* Unwelcome sexual advances.

The manual states that “unwanted behavior” is experienced when the victim feels unwell or helpless; it causes anger/sadness or negative self-esteem. He adds that the unwanted behavior is “unlawful, demeaning, invasive, one-sided and power-based.”

In addition, the law mentions five circumstances that constitute sexual harassment – the implicit or explicit promise of preferential treatment in one’s job; implicit or explicit threat of harmful treatment; implicit or explicit threat as to his current or future employment; interfering with his work or creating an offensive or hostile work environment; humiliating treatment likely to affect his or her health or safety.

Complaints procedure

Technically, it is not mandatory for the injured victim to file a complaint for the ICC to act. The law says she ‘may’ do so – and if she cannot, any ICC member ‘must’ give her ‘all reasonable assistance’ to file a complaint in writing. If the wife cannot complain because of “physical or mental incapacity or death or otherwise”, her legal heir can do so.

Under the law, the complaint must be filed “within three months of the date of the incident”. However, the ICC can “extend the time limit” if “it is satisfied that the circumstances were such that they prevented the woman from filing a complaint within the said time limit”.

The ICC “may”, before investigation, and “at the request of the aggrieved woman, take steps to settle the matter between her and the defendant by conciliation” – provided that “no pecuniary settlement is reached as basis of reconciliation”.

The ICC can either forward the victim’s complaint to the police or open an investigation which must be completed within 90 days. The ICC has powers similar to those of a civil court with respect to the summoning and examination of any person under oath, and the requirement of the discovery and production of documents.

When the investigation is complete, the ICC must provide a report of its findings to the employer within 10 days. The report is also made available to both parties.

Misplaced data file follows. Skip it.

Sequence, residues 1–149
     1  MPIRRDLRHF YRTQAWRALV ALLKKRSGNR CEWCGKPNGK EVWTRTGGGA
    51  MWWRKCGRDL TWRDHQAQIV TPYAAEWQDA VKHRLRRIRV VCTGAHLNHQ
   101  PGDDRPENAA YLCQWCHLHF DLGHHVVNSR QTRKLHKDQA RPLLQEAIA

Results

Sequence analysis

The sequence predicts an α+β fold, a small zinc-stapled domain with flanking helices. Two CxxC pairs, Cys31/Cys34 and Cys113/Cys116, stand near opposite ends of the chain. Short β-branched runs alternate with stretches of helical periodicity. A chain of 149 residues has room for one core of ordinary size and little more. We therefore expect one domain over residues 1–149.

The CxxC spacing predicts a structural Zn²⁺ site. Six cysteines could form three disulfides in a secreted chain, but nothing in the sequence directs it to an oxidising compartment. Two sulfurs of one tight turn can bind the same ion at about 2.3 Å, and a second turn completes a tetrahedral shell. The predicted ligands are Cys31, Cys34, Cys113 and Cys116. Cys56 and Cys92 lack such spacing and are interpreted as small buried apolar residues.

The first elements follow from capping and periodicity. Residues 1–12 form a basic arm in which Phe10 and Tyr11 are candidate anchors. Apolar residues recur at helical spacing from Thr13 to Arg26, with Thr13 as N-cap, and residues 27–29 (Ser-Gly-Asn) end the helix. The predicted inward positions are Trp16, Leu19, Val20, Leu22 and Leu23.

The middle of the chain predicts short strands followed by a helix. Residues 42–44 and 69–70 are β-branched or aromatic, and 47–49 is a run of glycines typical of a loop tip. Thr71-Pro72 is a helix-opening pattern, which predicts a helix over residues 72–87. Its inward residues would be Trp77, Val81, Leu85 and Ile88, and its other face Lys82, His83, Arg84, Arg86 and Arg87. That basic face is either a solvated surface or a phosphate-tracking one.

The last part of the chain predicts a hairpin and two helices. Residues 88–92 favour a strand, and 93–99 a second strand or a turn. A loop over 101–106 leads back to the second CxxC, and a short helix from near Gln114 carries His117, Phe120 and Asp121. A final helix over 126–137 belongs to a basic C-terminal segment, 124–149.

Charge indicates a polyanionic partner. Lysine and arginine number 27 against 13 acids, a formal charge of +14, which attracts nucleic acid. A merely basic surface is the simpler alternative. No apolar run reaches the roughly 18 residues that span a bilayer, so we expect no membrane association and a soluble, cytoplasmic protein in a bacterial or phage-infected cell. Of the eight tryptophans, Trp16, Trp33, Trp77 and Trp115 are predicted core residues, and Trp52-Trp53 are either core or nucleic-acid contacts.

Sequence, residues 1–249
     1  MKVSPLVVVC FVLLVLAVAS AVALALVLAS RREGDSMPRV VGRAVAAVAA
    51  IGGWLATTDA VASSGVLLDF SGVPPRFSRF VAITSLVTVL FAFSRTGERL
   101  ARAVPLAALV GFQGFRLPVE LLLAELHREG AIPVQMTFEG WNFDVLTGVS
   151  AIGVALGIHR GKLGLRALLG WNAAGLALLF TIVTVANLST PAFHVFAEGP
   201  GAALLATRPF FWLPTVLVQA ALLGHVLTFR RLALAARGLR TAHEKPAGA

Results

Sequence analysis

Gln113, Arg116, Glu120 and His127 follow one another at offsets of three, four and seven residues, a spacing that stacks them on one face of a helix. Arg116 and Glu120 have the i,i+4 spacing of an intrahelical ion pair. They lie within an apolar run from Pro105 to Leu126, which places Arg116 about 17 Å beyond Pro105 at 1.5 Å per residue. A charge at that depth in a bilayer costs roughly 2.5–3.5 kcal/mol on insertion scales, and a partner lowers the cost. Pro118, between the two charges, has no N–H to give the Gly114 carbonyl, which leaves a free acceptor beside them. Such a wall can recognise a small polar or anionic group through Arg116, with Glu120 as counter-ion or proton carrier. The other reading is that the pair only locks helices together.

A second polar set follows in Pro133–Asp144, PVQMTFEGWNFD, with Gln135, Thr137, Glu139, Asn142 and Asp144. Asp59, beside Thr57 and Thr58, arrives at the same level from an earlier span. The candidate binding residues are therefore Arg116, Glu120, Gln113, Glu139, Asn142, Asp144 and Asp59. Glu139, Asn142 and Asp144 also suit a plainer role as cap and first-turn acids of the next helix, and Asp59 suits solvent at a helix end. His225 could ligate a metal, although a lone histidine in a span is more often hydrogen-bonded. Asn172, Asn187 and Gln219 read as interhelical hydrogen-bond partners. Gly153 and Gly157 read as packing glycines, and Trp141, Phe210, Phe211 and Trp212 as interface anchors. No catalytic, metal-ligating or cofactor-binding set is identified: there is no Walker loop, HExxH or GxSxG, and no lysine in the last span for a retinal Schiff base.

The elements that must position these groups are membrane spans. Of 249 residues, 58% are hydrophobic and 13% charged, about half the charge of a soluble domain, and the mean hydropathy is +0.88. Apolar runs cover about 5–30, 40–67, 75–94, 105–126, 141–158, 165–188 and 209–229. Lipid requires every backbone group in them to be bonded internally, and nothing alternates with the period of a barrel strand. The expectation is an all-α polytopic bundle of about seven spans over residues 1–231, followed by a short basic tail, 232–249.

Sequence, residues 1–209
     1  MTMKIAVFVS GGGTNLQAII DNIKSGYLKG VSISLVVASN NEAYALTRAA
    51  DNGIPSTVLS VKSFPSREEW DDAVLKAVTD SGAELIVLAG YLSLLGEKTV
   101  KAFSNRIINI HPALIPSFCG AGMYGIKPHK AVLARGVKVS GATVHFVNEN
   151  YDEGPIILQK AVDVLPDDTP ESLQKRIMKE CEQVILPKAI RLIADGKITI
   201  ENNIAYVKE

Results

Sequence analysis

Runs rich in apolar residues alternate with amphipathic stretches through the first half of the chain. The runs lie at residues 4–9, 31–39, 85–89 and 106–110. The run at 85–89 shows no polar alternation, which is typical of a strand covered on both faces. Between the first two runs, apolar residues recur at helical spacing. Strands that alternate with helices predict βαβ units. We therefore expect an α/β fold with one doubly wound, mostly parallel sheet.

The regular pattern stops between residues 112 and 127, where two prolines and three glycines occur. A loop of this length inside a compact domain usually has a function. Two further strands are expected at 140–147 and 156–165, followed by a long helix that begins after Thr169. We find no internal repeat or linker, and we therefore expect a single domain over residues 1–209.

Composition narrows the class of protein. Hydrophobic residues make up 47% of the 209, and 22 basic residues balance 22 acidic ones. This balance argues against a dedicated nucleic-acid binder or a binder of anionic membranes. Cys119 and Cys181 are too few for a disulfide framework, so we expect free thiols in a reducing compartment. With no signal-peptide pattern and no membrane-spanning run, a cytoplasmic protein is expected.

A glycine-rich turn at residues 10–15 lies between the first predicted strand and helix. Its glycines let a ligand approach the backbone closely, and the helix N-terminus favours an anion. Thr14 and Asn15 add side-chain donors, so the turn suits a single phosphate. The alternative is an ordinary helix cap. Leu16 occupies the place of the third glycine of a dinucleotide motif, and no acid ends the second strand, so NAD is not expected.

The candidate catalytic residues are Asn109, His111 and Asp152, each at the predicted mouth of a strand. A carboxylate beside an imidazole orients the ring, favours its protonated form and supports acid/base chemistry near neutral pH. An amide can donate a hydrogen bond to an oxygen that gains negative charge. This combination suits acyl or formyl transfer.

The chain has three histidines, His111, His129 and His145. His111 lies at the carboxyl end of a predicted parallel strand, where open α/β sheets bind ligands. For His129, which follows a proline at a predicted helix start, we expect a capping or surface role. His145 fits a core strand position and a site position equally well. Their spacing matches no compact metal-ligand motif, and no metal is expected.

The identity of the woman, of the respondent, of the witness, any information about the investigation, the recommendation and the measures taken, stipulates the law, must not be made public.

After the ICC report

If the allegations of sexual harassment are proven, the ICC recommends that the employer act “in accordance with the provisions of the service regulations” of the company. These may vary from company to company. It also recommends that the company deduct from the wages of the convicted person, “whatever it deems appropriate”.

Compensation is determined based on five aspects: the pain and emotional distress caused to the woman; loss of career opportunities; his medical expenses; the respondent’s income and financial situation; and the feasibility of such payment.

After the recommendations, the aggrieved woman or the defendant can appeal to the court within 90 days

Article 14 of the law deals with penalties applicable to false or malicious complaints and false testimony. In such a case, the ICC “may recommend” that the employer take action against the woman, or the person who filed the complaint, “in accordance with the provisions of the service regulations”.

However, the law specifies that an action cannot be brought for “simple inability” to “substantiate the complaint or provide adequate proof”.